Listen: Can You Hear Me Now?
I discovered active listening while going through a divorce. For a moment, I had the illusion that active listening could save my marriage. After all, our main problem was bad communication. Well, it didn’t save the marriage. What it did was set me on a course of discovery to better understand interpersonal dynamics. Since then, I have found listening skills that trump active listening, but I am still a believer in the premise that what most people want in conversation is simply to be heard. Here are three things I’ve learned about listening since that time:
- Listening is different than hearing.
- If people feel heard they will listen better.
- If you listen better, you will be more aware of what others want to hear.
I said that there are other listening skills that trump active listening. What are they? Well, in truth, it depends on the situation. Check out Changing Minds.org for a list of different types of listening. The one I am highlighting is Dialogic Listening.
I think the best form of listening is the one that seeks to go deeper into a relationship and encourages a focus on the present and what is being said now rather than on the past. This kind of listening is called Dialogic Listening. It is part of conversations that explore everyone’s ideas and perceptions. It does not ask us to get into the head of the other person and guess what they are feeling. Rather, it takes what they say at face value and encourages us to ask, “Tell me more.” It keeps us focused on what we can create together rather than on our differences. It seeks to solve problems through discovery and understanding.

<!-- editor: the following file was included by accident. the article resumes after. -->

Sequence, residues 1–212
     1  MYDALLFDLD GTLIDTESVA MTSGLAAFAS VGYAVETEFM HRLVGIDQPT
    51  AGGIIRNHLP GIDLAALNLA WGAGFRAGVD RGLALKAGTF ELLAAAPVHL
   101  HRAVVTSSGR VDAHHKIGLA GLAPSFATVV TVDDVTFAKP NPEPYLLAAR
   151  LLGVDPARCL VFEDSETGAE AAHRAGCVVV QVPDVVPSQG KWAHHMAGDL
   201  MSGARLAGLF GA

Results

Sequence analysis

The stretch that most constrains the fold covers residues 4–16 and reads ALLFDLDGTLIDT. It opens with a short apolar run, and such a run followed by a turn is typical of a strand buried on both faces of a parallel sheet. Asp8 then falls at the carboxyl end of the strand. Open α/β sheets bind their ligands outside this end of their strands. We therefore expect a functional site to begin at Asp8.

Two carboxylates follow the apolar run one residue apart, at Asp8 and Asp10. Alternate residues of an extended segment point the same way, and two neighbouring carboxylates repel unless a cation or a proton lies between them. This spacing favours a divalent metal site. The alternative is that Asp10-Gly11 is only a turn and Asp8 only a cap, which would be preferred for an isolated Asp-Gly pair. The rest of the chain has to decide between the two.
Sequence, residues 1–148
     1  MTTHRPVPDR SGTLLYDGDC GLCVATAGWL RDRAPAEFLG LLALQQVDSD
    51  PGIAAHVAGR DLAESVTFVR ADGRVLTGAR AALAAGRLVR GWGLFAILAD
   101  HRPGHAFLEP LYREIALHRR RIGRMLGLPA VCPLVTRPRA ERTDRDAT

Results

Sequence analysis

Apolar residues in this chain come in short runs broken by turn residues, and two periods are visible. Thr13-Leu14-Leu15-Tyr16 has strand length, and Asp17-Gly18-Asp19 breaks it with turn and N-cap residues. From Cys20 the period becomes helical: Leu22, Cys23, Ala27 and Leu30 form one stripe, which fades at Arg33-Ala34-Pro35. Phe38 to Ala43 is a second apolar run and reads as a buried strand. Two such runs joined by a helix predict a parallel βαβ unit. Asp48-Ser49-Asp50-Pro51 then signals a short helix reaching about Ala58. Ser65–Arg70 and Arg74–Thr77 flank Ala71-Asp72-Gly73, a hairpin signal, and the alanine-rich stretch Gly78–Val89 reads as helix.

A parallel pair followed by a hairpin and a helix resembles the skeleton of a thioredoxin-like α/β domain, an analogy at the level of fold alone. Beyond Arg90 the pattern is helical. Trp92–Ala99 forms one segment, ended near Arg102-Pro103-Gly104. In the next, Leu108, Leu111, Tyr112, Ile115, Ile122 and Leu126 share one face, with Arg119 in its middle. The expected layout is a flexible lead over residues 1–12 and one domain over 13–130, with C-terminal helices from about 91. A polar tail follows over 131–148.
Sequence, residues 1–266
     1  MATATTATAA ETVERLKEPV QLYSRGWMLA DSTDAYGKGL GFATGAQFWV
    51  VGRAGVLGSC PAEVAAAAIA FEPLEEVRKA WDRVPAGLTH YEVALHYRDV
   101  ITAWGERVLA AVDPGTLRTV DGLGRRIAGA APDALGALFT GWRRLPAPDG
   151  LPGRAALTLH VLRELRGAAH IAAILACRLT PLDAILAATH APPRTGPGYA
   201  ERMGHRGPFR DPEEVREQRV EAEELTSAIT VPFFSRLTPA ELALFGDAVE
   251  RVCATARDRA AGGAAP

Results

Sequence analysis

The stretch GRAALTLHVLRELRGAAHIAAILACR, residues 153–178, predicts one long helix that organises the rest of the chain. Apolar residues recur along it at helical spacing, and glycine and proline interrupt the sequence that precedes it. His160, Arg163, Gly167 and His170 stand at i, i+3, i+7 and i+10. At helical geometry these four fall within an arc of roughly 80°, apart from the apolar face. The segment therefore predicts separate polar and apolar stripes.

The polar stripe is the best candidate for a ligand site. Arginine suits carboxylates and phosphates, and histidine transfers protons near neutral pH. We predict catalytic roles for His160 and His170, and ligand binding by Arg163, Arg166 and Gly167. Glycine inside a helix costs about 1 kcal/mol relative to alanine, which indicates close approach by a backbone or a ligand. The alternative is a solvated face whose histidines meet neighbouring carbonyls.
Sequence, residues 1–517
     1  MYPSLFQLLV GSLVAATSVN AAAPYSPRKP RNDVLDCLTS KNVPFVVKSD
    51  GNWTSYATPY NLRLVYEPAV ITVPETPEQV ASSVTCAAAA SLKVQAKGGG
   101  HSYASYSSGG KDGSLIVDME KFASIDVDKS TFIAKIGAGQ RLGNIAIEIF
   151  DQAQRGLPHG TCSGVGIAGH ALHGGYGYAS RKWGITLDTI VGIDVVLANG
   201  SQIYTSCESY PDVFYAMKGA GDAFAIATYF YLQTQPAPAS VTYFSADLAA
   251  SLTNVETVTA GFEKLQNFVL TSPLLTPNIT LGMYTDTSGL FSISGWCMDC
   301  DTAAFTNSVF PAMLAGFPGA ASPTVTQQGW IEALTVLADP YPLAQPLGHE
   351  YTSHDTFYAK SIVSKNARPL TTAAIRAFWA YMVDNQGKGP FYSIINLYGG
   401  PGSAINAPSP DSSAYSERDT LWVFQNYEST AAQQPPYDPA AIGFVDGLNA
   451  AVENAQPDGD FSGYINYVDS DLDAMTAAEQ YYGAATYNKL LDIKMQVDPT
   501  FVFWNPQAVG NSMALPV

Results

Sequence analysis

Example: Think back to a recent conversation that went well, the kind of conversation that takes a bit of time but is very worthwhile. You learned something from that conversation. You grew and so did the other person even though it might have been a difficult topic. Now think of a conversation where all you wanted to do was to jump in with your opinion. In that conversation, you didn’t really hear what the other person had to say. Chances are, the latter conversation did not go very well.
- Be clear about your intention.
- Put yourself in learning mode rather than defense mode.
- Allow there to be silences and pauses.
- Reflect what you have heard, but stay in the now.
- Seek to understand not to be understood.
- Dialog vs Divalog
- HBR Blogs: How to Listen When Your Communication Styles Don’t Match
- An organization dedicated to listening, The International Listening Association
- A TED video: 5 Ways to Listen Better, with Julian Treasure
- A pioneer in the ear/voice connection: Alfred Tomatis.
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